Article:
A while back I did a piece about patent trolls, the companies that enforce patents in an aggressive or opportunistic way, with no intention of making or marketing the patented invention. But there is another kind of troll that is much more in the public eye – the internet troll. The internet is apparently teeming with them and no-one is immune from their bile. Caroline Criado-Perez was threatened with rape for suggesting that Jane Austen be put on the Bank Of England £10 note. More recently there is something called Gamergate, a controversy, which I don’t fully understand, in video game culture involving sexism and misogyny.
This might give the impression that this is a question of misogyny. But men too are frequently the victims. One famous case involved Real Madrid keeper Iker Casillas, who used Instagram to post a photo of his wife, Spanish TV presenter Sara Carbonero, and their baby boy, Martín, at the beach. A troll commented:
“Throw it in the water and see if it floats, mole!” The word “mole” refers to the rumours that Casillas revealed dressing room secrets to the press under Mourinho’s reign.
Why do people behave this way? Psychologists talk about the Gyges Effect, a phenomenon whereby internet users experience a loss of inhibition that is not present in normal face-to-face communication. The name comes from the story of the Ring of Gyges, which Plato wrote about nearly two and a half millennia ago. The shepherd, Gyges, discovers a ring that allows him to become invisible at will. He uses the protection this offers to infiltrate the royal household, seduce the queen, assassinate the king and take over the kingdom. Anonymity can make even the most moral of people act in an unscrupulous way. We can see this clearly in the case of trolling. Any empathy is turned off; there is not an actual human being at the end of the stream of insults.
We live in an age of vox pop, where everyone has their say. On the telly it tends to be inane, but harmless. Online participation is a different beast altogether. Websites like having their readers make comments. For one thing, it drives traffic there. I sometimes regret not making more effort on the comments part of this blog. But I am busy during the week and don’t always respond to what readers have posted. However, there is a dark side to allowing carte blanche to readers.
The most dramatic case in recent times has been that of Brenda Leyland. The 62-year old woman was found dead in a hotel, after being doorstepped by Sky News reporter Martin Brunt about her Twitter activity, which involved 4,625 tweets sent over a period of four years about the Madeleine McCann case. She was undoubtedly obsessed, and her ideas about the McCanns and some kind of conspiracy were outlandish. But does that make her a troll? The trolls I have seen were not of the threatening variety. Now it was the Sky reporter who was being blamed for Leyland’s suicide. That seems to be a gross simplification; there may well have been other questions in this troubled woman’s life.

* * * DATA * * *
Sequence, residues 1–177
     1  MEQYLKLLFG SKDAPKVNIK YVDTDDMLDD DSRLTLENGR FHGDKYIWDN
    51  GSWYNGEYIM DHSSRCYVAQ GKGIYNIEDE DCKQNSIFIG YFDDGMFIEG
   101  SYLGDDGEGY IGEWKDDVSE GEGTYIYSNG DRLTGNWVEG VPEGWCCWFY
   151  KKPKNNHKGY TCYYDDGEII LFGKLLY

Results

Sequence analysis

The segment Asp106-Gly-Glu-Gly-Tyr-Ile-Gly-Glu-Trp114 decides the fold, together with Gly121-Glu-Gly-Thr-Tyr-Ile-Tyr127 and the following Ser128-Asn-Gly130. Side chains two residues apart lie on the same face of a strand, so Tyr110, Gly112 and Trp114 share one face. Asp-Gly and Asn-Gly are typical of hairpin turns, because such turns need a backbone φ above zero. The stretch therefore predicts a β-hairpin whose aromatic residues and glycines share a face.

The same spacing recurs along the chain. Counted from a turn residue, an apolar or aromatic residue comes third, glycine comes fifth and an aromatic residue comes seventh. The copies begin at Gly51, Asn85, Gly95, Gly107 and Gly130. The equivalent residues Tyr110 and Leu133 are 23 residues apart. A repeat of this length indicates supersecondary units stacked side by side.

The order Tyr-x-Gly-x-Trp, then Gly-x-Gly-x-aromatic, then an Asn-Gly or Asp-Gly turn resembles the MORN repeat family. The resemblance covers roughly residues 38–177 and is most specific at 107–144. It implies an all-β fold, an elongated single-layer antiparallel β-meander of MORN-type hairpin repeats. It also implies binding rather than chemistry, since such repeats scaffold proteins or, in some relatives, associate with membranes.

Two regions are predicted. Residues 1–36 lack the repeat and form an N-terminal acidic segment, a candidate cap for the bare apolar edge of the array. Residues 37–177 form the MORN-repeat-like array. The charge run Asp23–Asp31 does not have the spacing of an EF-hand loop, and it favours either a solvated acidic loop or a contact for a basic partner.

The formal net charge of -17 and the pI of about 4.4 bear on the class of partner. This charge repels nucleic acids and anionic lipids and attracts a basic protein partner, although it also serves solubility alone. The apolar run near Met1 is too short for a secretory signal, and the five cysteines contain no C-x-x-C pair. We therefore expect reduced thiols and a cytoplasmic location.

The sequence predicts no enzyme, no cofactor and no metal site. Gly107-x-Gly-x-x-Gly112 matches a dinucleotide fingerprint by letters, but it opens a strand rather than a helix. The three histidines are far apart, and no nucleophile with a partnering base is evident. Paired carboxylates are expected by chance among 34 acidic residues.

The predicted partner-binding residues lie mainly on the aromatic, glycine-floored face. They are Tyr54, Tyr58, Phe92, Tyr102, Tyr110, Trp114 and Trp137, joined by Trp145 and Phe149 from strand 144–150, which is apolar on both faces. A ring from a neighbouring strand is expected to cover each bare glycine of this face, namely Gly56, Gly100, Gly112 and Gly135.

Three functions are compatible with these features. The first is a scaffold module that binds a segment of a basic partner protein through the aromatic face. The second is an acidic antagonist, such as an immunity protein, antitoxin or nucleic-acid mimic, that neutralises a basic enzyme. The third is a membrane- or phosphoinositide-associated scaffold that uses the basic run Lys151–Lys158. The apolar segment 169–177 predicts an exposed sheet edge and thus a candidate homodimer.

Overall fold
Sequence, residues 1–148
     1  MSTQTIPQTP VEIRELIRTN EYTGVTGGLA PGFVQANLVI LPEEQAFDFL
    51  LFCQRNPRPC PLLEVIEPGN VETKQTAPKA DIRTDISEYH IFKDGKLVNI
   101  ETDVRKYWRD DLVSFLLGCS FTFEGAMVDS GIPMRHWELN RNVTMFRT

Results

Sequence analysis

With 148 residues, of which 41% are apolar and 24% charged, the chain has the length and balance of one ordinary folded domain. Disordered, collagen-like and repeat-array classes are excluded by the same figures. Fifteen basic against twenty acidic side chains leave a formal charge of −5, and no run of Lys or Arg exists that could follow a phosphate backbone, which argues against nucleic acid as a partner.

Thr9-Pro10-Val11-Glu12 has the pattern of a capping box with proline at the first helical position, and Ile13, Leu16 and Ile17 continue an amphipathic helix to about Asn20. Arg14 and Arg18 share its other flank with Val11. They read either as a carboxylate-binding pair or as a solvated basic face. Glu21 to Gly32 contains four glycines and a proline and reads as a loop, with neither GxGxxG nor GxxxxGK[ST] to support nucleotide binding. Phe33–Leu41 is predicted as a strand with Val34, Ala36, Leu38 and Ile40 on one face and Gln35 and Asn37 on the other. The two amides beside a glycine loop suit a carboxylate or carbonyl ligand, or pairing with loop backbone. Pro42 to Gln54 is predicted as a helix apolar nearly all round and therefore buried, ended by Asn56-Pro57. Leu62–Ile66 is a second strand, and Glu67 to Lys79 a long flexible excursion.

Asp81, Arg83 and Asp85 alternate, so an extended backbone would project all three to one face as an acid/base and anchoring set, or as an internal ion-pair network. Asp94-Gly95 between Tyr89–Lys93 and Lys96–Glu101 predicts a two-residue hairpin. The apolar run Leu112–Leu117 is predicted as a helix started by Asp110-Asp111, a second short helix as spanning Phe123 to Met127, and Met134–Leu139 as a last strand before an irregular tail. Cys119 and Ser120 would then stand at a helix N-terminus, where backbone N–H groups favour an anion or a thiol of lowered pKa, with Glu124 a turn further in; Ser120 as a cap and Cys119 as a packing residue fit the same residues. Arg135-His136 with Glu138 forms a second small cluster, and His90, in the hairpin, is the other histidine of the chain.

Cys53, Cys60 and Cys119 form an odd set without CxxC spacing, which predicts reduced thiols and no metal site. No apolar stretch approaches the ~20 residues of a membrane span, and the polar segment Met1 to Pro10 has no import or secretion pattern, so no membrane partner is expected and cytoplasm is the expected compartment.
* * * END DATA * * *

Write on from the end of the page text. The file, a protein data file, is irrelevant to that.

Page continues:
This case raises the question of free speech. In a piece in Spiked, Brendan O’Neil takes on the trollhunters:
Trollhunters are the scourge of the internet. Yes, trolls can be annoying, and even scary sometimes. I’ve had my fair share of emailed death threats, discussion threads devoted to telling me what a cock I am, and even a bag of shit with one of my articles in it hand-delivered to my office (old-school trolling). But the trollhunters, from misogyny-policing feminists to the papers that splash photos of trolls across their front pages to the police who arrest them in dawn raids, do something far worse than any vocab-challenged bloke with a grudge and an internet connection could ever hope to achieve. They chill and sanitise the internet, and invite the criminalisation of more and more forms of online speech.
Trolling may be the price we have to pay for a free internet. I have never been trolled and I do find it rather depressing the depths to which some people will sink. But probably the best advice is summed up in the slogan, Please do not feed the trolls. Iker Casillas famously got responded to the troll:
“You must be a huge son of a bitch to write that. I hope you have enough shame to think for a few minutes about what you just said, arsehole!” It is a natural response, but an unwise. I thing he should take a leaf out of classicist Mary Beard’s book. The Cambridge University professor was trolled by former public schoolboy Oliver Rawlings. The 20-year-old tweeted the following:
Beard responded by retweeting Rawlings’s comment, shaming the troll. Rawlings recently found a job and Beard has expressed her satisfaction:
“I am very, very pleased he has got a job. Oliver made a stupid mistake, he was brave enough to apologise, and that is the end of the matter to me. Young people do some very stupid things. I think we can give them a second chance. I have now put this behind me and I shall watch Oliver’s career with interest.”